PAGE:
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It was a cold and dark winter evening when I arrived at Gurukula Kalwa in the company of His Holiness Swami Jagdishwarananda.  The day was Makar Sankranti, January 14, 1977 – 46 years ago.  I was admitted by Acharya Baldev to commence a 3-year course in advanced Sanskrit Grammar called Ashtadhyayi.  I was 24 years old then and very excited when I arrived, because during all my youthful years, while being brought up in the Arya Samaj, I used to hear of the many accomplished scholars who had studied in Gurukula in India, and I so wanted to emulate them in understanding and interpreting Vedas and allied Sanskrit texts.  As I entered the main entrance gate that evening, I saw banana trees in and around and I thought it was going to be an exciting experience.  Acharya Baldev ji and the 15 Grammar students welcomed me and Swamiji and showed us great hospitality. 

When I woke up the next morning, I was kinda shocked.  The Gurukula was made up of one single main building with three other small buildings.  The teacher and students lived in the main building, the kitchen was housed in one small thatched-roof shed-like room and the other small concrete building housed grass and other feed for the cows.  The Gurukula compound (of a little more than an acre of land) stood amid several acres of wheat fields.  I looked around and surveyed the Gurukula land and buildings and I couldn’t come to grips with what I saw.  I immediately felt that I should not have left Guyana.  I wanted to cry because I had left family, friends, and a graduate teaching job to proceed to India.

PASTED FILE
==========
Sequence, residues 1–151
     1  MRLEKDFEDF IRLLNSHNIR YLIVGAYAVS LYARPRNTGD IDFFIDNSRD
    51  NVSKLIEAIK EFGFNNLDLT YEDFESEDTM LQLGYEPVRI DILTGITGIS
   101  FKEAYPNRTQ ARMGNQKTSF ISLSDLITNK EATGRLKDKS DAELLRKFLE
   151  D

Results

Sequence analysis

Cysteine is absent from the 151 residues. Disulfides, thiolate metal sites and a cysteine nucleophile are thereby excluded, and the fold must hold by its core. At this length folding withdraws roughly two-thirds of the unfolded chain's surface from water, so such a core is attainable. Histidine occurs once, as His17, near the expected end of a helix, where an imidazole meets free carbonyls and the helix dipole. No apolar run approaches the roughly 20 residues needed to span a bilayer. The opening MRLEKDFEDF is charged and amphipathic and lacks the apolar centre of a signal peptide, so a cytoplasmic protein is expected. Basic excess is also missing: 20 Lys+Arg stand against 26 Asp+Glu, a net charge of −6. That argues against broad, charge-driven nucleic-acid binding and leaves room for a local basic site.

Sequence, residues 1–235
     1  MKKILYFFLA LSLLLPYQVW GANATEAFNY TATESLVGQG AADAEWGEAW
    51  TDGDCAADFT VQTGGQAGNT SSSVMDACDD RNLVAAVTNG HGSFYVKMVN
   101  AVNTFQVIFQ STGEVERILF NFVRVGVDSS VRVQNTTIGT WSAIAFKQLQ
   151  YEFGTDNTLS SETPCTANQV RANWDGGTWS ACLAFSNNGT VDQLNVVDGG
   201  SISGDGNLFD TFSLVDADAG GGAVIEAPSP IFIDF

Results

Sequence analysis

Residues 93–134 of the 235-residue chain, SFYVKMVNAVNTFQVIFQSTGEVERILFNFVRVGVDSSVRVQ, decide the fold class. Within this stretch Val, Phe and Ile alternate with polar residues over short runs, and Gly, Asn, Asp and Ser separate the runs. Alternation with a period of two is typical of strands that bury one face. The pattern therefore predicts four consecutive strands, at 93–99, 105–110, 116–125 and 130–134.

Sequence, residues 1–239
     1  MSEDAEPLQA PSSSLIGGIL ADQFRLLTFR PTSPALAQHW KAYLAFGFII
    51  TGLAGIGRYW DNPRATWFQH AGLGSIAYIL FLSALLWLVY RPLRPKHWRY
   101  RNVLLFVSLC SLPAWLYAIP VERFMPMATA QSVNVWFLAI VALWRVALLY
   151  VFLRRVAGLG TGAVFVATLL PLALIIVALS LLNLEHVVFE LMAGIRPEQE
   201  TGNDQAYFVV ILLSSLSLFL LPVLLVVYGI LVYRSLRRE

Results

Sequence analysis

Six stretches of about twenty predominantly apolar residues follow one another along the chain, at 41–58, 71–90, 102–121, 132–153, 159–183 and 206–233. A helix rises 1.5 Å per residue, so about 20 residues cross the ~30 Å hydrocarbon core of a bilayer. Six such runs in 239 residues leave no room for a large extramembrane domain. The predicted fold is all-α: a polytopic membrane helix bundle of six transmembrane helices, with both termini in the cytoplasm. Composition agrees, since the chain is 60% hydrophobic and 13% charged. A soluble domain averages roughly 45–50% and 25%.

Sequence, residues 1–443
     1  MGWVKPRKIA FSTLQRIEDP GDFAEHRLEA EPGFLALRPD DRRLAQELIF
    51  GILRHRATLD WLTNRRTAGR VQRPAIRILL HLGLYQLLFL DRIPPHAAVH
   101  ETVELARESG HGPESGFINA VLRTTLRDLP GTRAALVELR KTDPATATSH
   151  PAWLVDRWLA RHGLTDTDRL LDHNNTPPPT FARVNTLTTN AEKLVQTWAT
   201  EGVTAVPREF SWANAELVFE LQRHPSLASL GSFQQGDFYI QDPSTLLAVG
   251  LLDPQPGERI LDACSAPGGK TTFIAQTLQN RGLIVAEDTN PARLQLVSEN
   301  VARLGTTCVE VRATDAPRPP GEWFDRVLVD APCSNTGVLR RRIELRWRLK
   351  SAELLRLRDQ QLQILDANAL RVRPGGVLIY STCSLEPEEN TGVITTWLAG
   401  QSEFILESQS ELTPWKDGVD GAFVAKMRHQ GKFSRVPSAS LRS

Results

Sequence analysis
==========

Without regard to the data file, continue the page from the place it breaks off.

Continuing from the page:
My sadness, however, did not last for long when I grasped the depth of Grammar learning that Acharya was offering.  The curriculum was made up of three levels of study.  I very quickly completed the first level because, based on high school Latin study in Guyana, I had, on my own, already studied Antoine’s two thorough texts on Sanskrit Grammar.  I felt that I was now comfortable in analyzing the language of Mahabharata and Valmiki Ramayana based on that first level of Gurukula study.

The lifestyle in Gurukula was severe and austere and the immediate surrounding environment was somewhat primitive, even though naturally beautiful.  The food was “roti and daal” twice a day, every day, balanced with a little less than a half pint of cow’s milk.  I was somewhat fat in January 1977.  I lost a lot of weight in between and became slim when I was ready to graduate at the end of three years.  Today, 46 years after January 14, 1977, I express gratitude – to my parents, siblings, Guyana Aryas, Acharya Baldevji, and fellow students, to the Gurukula Kalwa compound, and to the accomplished scholars who came to visit intermittently.  Had I not gone to Gurukula then to study that ancient curriculum, I would not have been able to do the little that I am currently doing.  Yes, I am indeed thankful…….